Sub·junc·tive a. Subjoined or added to something before said or written.
Subjunctive mood Gram., that form of a verb which express the action or state not as a fact, but only as a conception of the mind still contingent and dependent. It is commonly subjoined, or added as subordinate, to some other verb, and in English is often connected with it by if, that, though, lest, unless, except, until, etc., as in the following sentence: “If there were no honey, they [bees] would have no object in visiting the flower.” --Lubbock. In some languages, as in Latin and Greek, the subjunctive is often independent of any other verb, being used in wishes, commands, exhortations, etc.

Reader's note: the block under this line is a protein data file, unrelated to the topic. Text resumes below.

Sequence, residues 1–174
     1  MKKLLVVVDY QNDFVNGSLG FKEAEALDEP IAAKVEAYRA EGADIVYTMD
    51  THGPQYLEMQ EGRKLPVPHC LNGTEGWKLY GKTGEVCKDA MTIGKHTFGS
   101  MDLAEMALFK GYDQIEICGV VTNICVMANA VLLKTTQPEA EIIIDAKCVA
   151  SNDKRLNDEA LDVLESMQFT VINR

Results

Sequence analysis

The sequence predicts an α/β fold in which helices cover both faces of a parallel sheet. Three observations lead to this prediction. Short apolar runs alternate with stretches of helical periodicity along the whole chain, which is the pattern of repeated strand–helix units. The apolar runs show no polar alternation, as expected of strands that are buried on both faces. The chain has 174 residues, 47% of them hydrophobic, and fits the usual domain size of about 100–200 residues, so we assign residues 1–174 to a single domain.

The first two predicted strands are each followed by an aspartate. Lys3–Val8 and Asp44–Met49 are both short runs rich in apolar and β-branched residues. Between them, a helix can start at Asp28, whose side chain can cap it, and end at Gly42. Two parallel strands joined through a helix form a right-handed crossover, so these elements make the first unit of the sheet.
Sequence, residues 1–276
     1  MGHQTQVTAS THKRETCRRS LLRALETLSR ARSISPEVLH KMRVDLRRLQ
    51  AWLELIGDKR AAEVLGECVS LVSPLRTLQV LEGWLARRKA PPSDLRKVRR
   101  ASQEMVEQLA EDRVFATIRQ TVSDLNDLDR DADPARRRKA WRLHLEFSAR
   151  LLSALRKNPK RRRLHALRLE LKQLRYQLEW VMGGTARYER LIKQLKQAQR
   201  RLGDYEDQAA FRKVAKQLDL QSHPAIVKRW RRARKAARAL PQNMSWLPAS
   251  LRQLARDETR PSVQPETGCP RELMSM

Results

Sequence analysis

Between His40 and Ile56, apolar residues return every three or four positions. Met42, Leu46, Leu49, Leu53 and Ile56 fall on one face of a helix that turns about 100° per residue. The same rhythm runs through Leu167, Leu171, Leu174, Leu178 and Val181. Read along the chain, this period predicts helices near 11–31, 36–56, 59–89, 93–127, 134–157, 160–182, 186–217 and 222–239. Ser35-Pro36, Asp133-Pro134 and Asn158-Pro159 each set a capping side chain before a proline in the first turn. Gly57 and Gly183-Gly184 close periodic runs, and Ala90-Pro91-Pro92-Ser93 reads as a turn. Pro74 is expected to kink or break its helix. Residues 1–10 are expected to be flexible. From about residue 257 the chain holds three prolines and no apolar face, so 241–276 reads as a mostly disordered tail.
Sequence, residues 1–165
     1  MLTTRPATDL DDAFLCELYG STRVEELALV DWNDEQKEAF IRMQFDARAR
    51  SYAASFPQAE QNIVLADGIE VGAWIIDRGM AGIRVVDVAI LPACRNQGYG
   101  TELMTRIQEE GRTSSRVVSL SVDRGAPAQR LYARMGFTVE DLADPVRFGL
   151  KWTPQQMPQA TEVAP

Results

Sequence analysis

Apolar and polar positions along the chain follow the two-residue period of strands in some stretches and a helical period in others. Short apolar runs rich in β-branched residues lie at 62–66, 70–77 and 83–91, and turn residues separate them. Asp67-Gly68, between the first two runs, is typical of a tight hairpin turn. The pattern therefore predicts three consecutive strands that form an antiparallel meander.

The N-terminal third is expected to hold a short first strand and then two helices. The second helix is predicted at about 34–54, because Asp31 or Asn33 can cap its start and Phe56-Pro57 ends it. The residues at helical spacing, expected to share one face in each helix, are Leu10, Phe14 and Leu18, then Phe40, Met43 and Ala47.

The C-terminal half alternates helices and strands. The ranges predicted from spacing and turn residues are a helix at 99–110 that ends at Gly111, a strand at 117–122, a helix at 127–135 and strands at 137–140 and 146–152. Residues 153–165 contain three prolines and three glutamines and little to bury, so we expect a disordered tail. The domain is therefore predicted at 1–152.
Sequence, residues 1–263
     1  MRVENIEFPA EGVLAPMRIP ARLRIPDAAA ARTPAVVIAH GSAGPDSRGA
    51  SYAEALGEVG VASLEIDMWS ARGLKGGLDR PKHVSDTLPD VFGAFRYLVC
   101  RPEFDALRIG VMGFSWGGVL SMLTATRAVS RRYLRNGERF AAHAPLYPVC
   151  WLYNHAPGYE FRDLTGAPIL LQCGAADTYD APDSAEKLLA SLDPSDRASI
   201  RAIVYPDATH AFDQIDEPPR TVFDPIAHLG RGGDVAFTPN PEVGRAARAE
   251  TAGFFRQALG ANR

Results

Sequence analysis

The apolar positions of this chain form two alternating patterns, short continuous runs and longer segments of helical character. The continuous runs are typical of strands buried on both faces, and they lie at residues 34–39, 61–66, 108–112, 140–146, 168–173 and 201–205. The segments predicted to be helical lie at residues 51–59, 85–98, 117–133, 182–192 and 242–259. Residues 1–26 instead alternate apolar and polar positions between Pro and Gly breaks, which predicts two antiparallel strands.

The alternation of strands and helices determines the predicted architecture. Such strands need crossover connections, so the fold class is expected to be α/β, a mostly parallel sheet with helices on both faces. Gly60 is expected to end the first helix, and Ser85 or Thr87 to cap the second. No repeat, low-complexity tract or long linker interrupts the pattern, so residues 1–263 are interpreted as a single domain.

Sub·junc·tive, n. Gram. The subjunctive mood; also, a verb in the subjunctive mood.
adj : relating to a mood of verbs; "subjunctive verb endings"
n : a mood that represent an act or state (not as a fact but) as
contingent or possible [syn: subjunctive mood]